Centuries ago, pure white cats resided in the Buddhist temples of Burma (now Myanmar). They were revered as the feline carriers for the souls of priests who had “departed the mortal plain.” In essence, it was believed that the priests changed into cats once they died, through a process known as transmutation. According to the story, a riest named Mun-Ha and his faithful companion Sinh, one of the temple’s 100 sacred white cats, prayed each evening in the temple of Lao-Tsun. One day, marauders raided the temple for its riches and attacked the priest. As Mun-Ha lay dying, Sinh put his paws on the man’s head and faced the statue of Tsum-Kyan-Kse, the goddess of transmutation. Suddenly Sinh’s white fur transformed into a beautiful golden hue and his face, tail and legs darkened to the color of the earth. His eyes changed from yellow to a deep, sapphire blue. Sinh’s paws, however, remained white as a symbol of Mun-Ha’s pure spirit.
Body Structure:The body is neither svelte nor cobby, but somewhat in between: strongly built, but elongated and stocky. The distinctive head is broad and rounded with a strong chin. It has a full, somewhat rounded muzzle and heavy, powerful jaws. The nose is Roman in profile,and the nostrils are set low on the nose leather. In an ideal Birman,the ears are medium in length, rounded at the tip and almost as wide at the base as they are tall. The tail should be proportional to the body size.
Eyes:The brilliant blue eyes are almost round and are set well apart.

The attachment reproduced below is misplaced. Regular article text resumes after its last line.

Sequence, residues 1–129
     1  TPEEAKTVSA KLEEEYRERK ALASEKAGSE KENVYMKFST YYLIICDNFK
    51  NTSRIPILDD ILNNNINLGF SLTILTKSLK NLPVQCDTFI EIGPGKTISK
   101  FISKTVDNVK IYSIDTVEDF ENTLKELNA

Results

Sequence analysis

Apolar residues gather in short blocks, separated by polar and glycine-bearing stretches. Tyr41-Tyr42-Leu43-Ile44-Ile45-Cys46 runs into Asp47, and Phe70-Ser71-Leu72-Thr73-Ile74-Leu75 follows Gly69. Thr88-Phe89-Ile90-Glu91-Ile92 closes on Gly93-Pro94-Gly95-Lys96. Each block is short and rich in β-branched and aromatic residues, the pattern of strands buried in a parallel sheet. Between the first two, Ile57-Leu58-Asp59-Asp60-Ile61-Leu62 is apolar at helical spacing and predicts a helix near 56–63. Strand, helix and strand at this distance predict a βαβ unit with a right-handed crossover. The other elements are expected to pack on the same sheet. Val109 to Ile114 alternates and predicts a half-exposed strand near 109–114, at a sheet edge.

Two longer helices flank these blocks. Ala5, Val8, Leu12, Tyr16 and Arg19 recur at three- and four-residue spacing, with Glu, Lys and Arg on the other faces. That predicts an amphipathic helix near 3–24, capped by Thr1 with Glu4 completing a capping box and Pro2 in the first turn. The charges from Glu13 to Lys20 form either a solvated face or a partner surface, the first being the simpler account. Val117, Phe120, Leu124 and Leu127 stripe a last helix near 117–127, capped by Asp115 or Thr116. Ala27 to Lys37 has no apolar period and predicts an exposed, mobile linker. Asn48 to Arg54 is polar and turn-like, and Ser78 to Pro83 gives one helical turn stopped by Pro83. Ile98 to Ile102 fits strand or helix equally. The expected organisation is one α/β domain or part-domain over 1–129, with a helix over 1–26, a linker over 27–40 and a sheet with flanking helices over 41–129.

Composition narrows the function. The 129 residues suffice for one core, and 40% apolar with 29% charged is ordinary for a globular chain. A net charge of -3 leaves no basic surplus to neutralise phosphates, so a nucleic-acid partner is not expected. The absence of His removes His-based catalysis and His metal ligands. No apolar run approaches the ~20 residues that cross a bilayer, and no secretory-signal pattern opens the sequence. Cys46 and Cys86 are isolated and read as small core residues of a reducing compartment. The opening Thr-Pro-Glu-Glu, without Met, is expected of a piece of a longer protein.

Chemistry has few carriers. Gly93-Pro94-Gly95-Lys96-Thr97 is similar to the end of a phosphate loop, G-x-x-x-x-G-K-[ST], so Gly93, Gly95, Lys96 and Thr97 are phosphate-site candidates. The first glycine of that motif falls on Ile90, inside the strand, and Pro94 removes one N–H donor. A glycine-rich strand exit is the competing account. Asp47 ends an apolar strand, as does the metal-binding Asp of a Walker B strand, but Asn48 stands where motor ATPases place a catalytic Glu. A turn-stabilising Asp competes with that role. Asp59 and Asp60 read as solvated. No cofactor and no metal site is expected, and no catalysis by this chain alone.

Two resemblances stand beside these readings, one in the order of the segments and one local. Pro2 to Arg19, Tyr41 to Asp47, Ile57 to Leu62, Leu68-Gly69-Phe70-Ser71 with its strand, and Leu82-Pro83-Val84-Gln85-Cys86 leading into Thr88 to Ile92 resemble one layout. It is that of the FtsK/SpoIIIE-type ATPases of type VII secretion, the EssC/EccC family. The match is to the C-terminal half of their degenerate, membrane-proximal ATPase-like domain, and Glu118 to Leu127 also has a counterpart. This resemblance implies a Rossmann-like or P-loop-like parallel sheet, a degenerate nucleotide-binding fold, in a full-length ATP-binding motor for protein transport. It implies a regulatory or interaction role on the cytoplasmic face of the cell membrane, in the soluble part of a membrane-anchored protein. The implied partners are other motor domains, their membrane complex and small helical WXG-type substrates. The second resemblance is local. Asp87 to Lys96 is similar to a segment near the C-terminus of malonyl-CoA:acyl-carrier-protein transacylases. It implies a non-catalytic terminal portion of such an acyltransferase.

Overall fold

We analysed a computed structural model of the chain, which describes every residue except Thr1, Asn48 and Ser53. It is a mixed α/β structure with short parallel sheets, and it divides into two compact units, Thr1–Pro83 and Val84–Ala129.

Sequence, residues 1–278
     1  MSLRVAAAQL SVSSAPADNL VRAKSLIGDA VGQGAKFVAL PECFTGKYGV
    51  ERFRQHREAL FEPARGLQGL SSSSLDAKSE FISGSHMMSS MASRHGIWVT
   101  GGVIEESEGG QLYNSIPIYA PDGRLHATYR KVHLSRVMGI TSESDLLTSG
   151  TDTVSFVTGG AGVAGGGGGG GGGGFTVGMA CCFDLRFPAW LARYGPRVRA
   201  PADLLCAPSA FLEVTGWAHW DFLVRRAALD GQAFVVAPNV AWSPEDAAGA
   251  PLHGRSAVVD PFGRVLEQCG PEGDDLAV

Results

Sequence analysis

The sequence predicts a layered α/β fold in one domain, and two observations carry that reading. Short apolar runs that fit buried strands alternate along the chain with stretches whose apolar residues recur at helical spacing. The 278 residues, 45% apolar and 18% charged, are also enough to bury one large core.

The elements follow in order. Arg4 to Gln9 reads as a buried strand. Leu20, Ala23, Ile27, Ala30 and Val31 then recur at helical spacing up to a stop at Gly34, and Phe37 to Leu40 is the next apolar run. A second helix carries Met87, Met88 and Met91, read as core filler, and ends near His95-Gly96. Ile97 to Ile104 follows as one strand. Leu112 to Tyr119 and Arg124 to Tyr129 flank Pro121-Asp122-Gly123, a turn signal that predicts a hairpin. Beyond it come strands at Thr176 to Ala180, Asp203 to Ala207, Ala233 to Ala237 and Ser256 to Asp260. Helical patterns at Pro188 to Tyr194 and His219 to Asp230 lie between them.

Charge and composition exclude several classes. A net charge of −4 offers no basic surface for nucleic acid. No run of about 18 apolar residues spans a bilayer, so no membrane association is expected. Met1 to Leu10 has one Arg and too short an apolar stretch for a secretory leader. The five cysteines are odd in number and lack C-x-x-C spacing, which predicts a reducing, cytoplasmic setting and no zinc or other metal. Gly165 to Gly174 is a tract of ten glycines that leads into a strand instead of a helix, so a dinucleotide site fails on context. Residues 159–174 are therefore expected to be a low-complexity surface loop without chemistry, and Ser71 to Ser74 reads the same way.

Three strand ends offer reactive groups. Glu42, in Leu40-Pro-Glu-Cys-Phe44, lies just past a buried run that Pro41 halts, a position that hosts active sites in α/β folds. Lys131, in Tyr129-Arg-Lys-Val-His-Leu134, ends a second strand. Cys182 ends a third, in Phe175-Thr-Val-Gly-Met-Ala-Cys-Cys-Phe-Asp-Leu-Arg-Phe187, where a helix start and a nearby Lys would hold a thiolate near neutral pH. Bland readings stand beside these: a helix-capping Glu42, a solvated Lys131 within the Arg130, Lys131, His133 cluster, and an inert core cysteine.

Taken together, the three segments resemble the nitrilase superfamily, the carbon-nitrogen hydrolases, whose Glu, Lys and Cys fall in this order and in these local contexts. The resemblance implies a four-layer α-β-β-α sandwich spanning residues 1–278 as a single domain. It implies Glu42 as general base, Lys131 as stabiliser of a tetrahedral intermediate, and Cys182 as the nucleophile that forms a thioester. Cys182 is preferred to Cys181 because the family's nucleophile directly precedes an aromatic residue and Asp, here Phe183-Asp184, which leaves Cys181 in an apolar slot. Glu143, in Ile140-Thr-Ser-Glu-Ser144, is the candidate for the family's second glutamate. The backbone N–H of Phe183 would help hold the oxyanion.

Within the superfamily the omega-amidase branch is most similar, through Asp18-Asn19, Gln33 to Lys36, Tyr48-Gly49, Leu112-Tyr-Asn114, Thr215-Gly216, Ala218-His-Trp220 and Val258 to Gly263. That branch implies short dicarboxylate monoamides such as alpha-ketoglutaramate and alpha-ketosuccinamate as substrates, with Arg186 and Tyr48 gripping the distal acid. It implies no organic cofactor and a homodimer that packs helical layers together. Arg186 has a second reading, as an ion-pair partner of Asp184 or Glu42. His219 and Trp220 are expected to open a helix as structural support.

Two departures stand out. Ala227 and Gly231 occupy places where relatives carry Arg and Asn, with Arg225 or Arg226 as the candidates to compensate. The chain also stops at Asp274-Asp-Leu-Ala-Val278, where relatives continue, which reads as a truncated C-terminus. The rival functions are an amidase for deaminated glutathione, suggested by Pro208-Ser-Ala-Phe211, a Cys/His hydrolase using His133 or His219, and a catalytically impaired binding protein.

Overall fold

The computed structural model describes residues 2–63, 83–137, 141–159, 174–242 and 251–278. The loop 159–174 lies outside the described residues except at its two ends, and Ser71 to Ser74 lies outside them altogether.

Coat:The lush fur of the Birman is medium to long and lacks the downy undercoat that causes matting.
Color:Birmans come in a range of coat colors, but some associations allow only a few of them. For example, CFA recognizes only the four original colors: Sealpoint, Bluepoint, Chocolatepoint and Lilacpoint,since these are the naturally occurring colors. An ideal Birman has matching white gloves on the front paws that should end at or between the second or third joints of the paw. On the back paws, the gloves should cover all the toes and may extend up higher than the gloves on the front paws. The gloves must taper and extend up the back of the hock. Birmans are born pure white and then develop color on the points.
Birmans are affectionate, gentle and faithful companions who display an air of dignity that seems to invite adoration by their owners. Because of its gentle temperament, the Birman is easy to handle, care for and show.